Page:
That behavior earns a spot within the top 20 percent of wage earners in America. Presenting data indicating the largest percentage of income taxes is derived from the 20 percent club, Mr. Connolly aims his rage at those 80 percent peons beneath. He should direct his gaze upward.
Let’s reassign that income club to the bottom 90 percent of household income earners: that group’s average annual income, using 2008 data, now stands at $31,244 — quite a drop in prestige, isn’t it? The number for those in the 1-10 percent club is $164,647 annual income — still not too impressive. The top 1 percent club earned $1,137,684 per year, and now we’re getting somewhere for one out of 100 of us. Next is the top 0.1-.01 percent income earners weighing in at a stout $3,238,386 per year. Life is not bad for one out of 10,000 Americans. And now the kicker: Those of us above the 0.01 percent — you know, way fewer than one of 10,000, are pulling in $27,342,212 per year.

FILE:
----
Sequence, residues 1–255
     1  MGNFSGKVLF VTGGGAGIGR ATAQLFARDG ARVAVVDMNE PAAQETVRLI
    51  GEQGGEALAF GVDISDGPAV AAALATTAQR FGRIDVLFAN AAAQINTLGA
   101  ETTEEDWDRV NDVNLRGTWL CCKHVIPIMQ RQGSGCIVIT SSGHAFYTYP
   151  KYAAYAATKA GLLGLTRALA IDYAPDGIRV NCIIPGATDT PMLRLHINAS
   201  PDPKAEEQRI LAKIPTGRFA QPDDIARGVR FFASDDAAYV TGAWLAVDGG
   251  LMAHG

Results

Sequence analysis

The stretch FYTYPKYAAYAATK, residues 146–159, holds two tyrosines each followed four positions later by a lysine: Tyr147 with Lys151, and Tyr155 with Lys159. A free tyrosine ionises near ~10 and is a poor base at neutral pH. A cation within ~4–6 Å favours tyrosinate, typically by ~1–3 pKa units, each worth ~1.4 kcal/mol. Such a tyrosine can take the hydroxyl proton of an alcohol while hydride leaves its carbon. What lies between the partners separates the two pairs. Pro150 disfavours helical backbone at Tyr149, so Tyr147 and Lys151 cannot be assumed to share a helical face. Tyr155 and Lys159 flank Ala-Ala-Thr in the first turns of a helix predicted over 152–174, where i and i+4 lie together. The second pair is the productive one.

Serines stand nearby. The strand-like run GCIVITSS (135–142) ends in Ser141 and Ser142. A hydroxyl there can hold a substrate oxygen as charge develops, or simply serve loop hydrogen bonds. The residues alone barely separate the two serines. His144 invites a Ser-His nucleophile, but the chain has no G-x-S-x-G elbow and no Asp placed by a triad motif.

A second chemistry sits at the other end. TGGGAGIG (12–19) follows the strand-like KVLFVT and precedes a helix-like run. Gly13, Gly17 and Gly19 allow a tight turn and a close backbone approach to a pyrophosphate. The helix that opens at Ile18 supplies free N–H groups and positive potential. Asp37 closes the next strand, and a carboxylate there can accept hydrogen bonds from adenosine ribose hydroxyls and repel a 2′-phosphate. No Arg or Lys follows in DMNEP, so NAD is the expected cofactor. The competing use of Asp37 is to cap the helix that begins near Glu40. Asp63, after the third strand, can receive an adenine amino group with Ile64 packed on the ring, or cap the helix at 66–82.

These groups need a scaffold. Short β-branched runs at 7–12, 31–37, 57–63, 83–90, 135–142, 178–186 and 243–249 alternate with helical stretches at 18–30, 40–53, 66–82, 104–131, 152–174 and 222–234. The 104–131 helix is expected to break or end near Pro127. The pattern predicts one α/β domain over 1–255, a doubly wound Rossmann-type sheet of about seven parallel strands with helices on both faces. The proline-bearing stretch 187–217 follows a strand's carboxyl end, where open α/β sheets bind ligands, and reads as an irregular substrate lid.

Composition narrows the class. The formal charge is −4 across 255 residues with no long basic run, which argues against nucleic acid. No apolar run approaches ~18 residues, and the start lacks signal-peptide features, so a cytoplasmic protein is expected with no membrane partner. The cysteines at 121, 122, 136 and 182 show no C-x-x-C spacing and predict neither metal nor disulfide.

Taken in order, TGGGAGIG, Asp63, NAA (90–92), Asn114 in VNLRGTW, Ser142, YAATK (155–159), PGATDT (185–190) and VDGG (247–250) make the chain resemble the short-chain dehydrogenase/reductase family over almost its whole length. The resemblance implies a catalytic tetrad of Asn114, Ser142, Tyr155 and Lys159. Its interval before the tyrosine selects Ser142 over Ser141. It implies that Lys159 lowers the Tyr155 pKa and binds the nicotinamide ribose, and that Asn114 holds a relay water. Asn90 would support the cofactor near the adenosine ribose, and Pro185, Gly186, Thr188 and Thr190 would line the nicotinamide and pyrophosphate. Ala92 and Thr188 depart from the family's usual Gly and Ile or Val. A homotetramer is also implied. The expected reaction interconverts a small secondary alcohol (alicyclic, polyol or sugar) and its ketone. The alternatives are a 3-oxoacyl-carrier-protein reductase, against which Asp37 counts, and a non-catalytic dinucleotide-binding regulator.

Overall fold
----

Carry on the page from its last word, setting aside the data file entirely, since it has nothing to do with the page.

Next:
Looking at the actual numbers involved in income distribution in the U.S., it becomes slightly more understandable why lower income earners pay a lower percentage of the total income tax revenue: They have just about none of the money. Those at the true top of the income scale may provide a majority percentage of the nation’s income tax revenue, but the percentage of their incomes that is taxed remains below 35 percent.
Our nation has its starkest degree of income inequality since before the Great Depression. Some may fantasize that they belong to a club of the top income earners, but the actual club members wouldn’t even let them in the service entrance.